I will allow that maybe I am missing something. Maybe the Concellos or the Xunta of Galicia have something else they are doing that we are unaware of. But the lack of young people is a concern. I just read that our age group represents 700,000 Galicans. That will take most of May to complete the vaccination of our group. And then, the 40-49 group is 500,000 and will be done in June. The Xunta feels that vaccinating the rest of the population from 17-39 will only take a month or so in July. That tells you just how few young adults there are here. Those whose future are in older people’s hands, today.

I guess I am channelling Concha today. I’m going to focus on the fact that we are days or a few weeks from getting some form of protection. But it is something to think about. And I am not the only one.

7 thoughts on “Getting the Vaccine and Other Thoughts

    • Congratulations on the vaccine! Jeff got his hair cut yesterday. It was a little hole in the walk place call Caballeros de Peluqueria. Two chairs. But it was the best haircut he’s had in years. The guy even shaved him with a straight razor. So things are looking up! Good luck on finding a new person for you. 10 days after my cut and I look a lot like Rod Stewart from 1977. 🙄

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    • It’s true. They are everywhere. But it seems that 85% of Spaniards are pro-vaccine. Which is really good news for the recovery, and health, of the country. I can’t wait for the text to come through. After so long, it feels a bit like winning the lottery!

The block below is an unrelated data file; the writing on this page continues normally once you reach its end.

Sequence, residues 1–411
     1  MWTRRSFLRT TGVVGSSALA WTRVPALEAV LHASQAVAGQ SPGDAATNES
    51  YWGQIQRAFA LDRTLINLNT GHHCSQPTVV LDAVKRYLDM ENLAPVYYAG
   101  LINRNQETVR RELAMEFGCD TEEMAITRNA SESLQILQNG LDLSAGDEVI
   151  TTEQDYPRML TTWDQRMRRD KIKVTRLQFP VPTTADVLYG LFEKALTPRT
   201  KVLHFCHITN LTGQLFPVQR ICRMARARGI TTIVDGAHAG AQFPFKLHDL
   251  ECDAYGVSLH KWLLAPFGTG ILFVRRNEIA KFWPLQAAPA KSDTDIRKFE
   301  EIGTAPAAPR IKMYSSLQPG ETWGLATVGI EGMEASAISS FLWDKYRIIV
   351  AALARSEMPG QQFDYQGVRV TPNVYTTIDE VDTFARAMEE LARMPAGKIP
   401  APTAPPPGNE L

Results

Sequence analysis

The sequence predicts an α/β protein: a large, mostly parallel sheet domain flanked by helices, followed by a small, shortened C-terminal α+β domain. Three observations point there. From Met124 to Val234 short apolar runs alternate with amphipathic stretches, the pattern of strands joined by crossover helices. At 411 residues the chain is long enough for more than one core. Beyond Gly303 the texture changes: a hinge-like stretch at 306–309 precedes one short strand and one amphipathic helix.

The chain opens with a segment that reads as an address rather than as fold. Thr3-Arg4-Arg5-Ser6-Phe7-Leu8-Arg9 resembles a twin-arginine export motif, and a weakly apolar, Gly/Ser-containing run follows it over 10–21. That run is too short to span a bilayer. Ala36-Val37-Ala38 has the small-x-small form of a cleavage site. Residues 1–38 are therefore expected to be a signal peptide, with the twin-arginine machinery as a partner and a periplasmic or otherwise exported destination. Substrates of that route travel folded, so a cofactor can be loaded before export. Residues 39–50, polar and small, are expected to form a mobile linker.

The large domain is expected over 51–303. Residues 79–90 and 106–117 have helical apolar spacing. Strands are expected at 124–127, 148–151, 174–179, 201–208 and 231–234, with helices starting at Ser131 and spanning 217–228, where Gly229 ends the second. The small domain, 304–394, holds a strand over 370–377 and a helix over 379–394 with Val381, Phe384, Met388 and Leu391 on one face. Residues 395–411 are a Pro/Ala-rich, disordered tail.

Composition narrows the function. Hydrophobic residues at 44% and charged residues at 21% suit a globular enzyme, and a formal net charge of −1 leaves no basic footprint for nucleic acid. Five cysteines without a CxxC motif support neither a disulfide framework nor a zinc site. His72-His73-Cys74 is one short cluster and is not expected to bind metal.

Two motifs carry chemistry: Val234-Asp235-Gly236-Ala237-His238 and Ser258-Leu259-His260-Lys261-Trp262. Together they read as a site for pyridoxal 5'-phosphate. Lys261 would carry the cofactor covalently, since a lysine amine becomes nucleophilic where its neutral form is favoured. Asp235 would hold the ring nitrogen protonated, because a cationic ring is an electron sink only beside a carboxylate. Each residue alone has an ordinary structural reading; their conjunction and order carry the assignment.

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  • So happy that you’re getting vaccinated. Nearly all of our friends here have received it and, if not, have an appointment. Our children in the U.K. have both had it. It’s a good feeling. I noticed in Mercadona the other day a recycling bin for coffee pods. All a step in the right direction.

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    • There are is no Mercadona in Melide. I never thought I would miss getting it, but I do. They are a Valencian company and would be all over the light bulb, battery and coffee pods thing. I was thinking about writing to our local concello requesting street bins for recycling for our area. I wonder if they would look kindly on a suggestion from an American. 🤔